S3 Cab launches in Mumbai to take on Uber and Ola, but whether it succeeds remains to be seen

The taxi aggregator has already on-boarded 700 drivers and cars, most of whom have left Uber and Ola to join S3 Cab.

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While Uber and Ola continue to work on their respective operations and troubleshoot continuing issues, a new app-based taxi aggregator has launched in Mumbai. S3 Cab has been set up by Sohel Kazani, a Mumbai-based freight and logistics veteran who runs Bharat Freight. The company hopes to change the app-based taxi landscape in Mumbai with slightly different approaches to the industry – one that keeps the interests of both the drivers and the customers in mind.

To start off, the company has on-boarded 700 drivers, who have mostly partnered with the company after poor experiences working with Uber and Ola. The vehicles are standard cars as you would expect on the Uber and Ola platforms, and riders get air-conditioning in all vehicles. You select your pick-up and drop-off locations on the app, and a vehicle comes and picks you up. There is also some emphasis on the safety of the platform, touting itself as a safer alternative to Uber and Ola. Both of the existing operators have seen reports of their drivers breaking safety norms, and some serious crimes such as rape have also been reported.

Drivers won’t be charged a commission until after the first Rs 1,800, and all earnings beyond that will be charged a 10 percent commission by S3. Additionally, the cabs will double-up as logistics providers, moving parcels around the city, according to the co-founder Sohel Kazani.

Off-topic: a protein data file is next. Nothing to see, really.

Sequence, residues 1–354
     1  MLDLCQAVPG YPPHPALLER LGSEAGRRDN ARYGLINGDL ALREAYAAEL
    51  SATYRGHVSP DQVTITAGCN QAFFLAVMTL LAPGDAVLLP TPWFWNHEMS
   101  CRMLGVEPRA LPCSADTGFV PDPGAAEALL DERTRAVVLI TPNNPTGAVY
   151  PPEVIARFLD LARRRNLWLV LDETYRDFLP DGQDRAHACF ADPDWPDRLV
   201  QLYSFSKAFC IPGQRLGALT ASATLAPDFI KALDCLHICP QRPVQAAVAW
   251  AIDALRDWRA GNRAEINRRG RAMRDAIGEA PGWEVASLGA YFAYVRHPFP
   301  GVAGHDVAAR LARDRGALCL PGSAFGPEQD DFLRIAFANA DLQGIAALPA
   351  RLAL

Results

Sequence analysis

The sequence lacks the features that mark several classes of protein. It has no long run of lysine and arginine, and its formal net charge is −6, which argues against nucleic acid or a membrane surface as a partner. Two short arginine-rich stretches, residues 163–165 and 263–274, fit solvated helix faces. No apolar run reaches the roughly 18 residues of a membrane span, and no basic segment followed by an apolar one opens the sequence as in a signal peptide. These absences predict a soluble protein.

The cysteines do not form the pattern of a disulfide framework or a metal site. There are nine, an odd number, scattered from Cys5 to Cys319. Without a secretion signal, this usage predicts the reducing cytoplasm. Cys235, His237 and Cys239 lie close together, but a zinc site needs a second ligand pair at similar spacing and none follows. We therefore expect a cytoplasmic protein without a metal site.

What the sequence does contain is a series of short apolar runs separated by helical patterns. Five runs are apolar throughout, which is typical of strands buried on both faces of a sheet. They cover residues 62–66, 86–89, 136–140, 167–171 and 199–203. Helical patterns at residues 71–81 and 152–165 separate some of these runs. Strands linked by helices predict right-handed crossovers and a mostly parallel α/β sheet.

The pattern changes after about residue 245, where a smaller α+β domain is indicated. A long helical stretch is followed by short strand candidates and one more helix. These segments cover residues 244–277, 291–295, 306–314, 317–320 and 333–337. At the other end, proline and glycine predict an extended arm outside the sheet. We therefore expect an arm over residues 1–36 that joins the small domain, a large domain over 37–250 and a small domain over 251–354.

However, S3 Cab’s success is something that remains to be seen. Its emphasis on protecting drivers interests has seen it tie up with key drivers unions in Mumbai, and keeping the unions on its side will allow the company to ensure continuous services. The large number of claimed vehicles at the start may also be an advantage, since the service will be able to better serve the city. There are no ride-sharing options such as Uber Pool or Ola Share, and the company states that it will never have a model that operates on surge pricing.

This means that fares will be standard across the board and will depend on the distance and time, just like ordinary metered city taxis. But there are drawbacks to this model. Protecting driver interests will naturally mean that a customer-first approach isn’t possible. The fares will be higher, but the lack of surge pricing will likely balance out the higher standard fares. And a lack of surge pricing may also mean that taxis are not easily available everywhere when the rider needs one.

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We were hoping to try out the service, and S3 Cab had promised to send a vehicle to pick me up for the event and then drop me off later. Ironically, the vehicle never made it, and I had to rely on city taxis to attend the launch event, which is a bit bothersome for a company that claims to be the biggest challenger to Uber and Ola in the app-based taxi market. Additionally, when I downloaded the app, I found a sparse number of cabs operating in the city. All of the company’s claims may sound good on paper, but there’s barely any functional service to speak of for the time being.

For the time being, S3 Cab doesn’t look like it can compete against the might of Uber and Ola, despite the claims of 700 vehicles. If you’re an app-based taxi user in Mumbai, you’ll still likely be relying on the established brands for now.

  • Published Date: May 12, 2018 2:16 PM IST